Matt Cudzinowski | July 26
Jesperi Kotkaniemi was on the Canadiens' radar long before being plucked from the crowd third-overall at the NHL Draft in June.
It was two years ago in the town of Rauma on Finland's west coast - approximately 50 kilometres south of Kotkaniemi's hometown of Pori - that the Habs' Finnish scout, Hannu Laine, first caught a glimpse of the young centerman.
"I saw him at a Junior tournament. He was the first 2000 born player that I saw in the Finnish U20 Junior League that year," said Laine, who is tasked with scouting amateur players in Finland and pros across Europe.
He didn't just survive, he would make a difference. He was running the power play. He was telling guys where to go. That was impressive. And, he was just 15.
- Hannu Laine
Kotkaniemi was just 17 years old when he made the jump to the Finnish Elite League - or SM-liiga - this past season, where he continued to impress for Porin Ässät, going up against players far older and far more seasoned than he was.
Even though the talented Finn wasn't being featured up the middle and had to settle for a spot on the wing, he didn't disappoint. In fact, he finished the 2017-18 campaign as the club's third-ranked point-getter, tallying 10 goals and 29 points in 57 games.
He was surprisingly good. It's not every year that a guy can impress at that level. It's a pretty good league, a pretty competitive league. You could see that he was able to compete against men. I can see that he just really loves the intensity of the game. He wants to compete. He can take a hit to make a play. Those things, they can make a difference.
- Hannu Laine
That, coupled with Kotkaniemi's skill set, made him "the best prospect from Finland this year all along," according to the 20-year veteran of the Canadiens' scouting department.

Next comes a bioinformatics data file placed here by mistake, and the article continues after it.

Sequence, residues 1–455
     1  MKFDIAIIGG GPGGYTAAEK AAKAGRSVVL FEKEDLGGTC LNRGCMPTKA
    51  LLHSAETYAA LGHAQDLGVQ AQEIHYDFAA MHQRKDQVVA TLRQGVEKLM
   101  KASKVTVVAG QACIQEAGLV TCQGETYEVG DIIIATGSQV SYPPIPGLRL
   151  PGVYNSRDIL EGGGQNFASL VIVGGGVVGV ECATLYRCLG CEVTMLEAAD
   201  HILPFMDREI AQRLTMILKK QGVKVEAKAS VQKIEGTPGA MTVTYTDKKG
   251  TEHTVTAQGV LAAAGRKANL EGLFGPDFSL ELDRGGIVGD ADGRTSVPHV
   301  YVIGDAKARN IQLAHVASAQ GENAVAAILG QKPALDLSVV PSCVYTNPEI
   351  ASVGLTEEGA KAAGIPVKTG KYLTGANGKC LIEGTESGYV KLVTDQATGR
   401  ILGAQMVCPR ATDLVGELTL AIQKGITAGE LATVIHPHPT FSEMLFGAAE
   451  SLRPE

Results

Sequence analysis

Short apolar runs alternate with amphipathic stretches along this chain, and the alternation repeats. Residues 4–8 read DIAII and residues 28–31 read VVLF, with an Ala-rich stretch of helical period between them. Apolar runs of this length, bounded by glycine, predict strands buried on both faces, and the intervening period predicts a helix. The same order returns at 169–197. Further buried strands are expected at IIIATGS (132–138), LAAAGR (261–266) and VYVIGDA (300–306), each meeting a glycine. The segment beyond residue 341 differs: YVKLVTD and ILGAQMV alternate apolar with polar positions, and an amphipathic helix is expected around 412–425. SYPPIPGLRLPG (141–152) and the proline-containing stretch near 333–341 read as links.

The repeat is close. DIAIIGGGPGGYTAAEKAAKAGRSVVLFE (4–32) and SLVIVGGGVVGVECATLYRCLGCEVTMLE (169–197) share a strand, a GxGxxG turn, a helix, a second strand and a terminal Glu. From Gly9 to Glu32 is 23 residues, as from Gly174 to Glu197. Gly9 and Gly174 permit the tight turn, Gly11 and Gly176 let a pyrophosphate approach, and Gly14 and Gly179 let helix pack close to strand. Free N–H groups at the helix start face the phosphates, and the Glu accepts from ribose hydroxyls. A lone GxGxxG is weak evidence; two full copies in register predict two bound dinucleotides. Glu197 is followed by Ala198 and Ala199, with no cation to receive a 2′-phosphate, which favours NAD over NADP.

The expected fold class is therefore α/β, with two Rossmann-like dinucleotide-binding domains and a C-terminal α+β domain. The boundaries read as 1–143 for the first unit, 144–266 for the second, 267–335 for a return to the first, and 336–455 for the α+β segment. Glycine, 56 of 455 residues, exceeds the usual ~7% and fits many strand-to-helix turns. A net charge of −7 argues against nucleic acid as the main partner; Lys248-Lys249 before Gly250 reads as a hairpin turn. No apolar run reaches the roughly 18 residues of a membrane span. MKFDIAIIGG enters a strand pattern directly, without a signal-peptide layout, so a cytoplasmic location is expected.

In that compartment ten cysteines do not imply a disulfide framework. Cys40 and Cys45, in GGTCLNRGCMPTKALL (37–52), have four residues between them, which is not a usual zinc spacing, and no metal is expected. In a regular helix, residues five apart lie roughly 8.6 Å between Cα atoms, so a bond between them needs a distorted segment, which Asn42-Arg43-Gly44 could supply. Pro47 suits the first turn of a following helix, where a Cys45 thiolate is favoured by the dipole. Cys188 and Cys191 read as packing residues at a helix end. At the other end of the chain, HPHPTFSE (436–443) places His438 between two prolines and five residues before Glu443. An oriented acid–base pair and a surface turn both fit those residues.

"His vision, playmaking. He can make plays in traffic. He thinks the game so quick and has such quick hands. And, he's not just an offensive guy. He can play defense, too. He also likes the physical game," described Laine. "We know the character and the work ethic that he has, so he's just going to get better and better."
High praise from an SM-liiga veteran
One of Kotkaniemi's teammates with Ässät - 28-year-old forward and nine-year SM-liiga veteran, Sami Lähteenmäki - is certainly in agreement there.
"He's a guy that's so skilled that he can win a game by himself, whether it's scoring a goal, making a pass to assist on a goal or scoring on a power play in a tight game," praised Lähteenmäki, who like Kotkaniemi made his Finnish Elite League debut at just 17 years of age. "He's more ready physically than I was at 17. You can tell that he's been in a big role in the past years in Juniors. He's also a quick learner."
And, Lähteenmäki is adamant that Kotkaniemi's maturity level really stands out, too.
"We sit next to each other in the locker room, so we talked every day. It was fun sitting next to him. He's so natural. He says what he thinks, what comes to his mind. I think that helped him to become part of the team right from the start of the season," explained Lähteenmäki. "Right away, he was comfortable. He's not scared. That's good."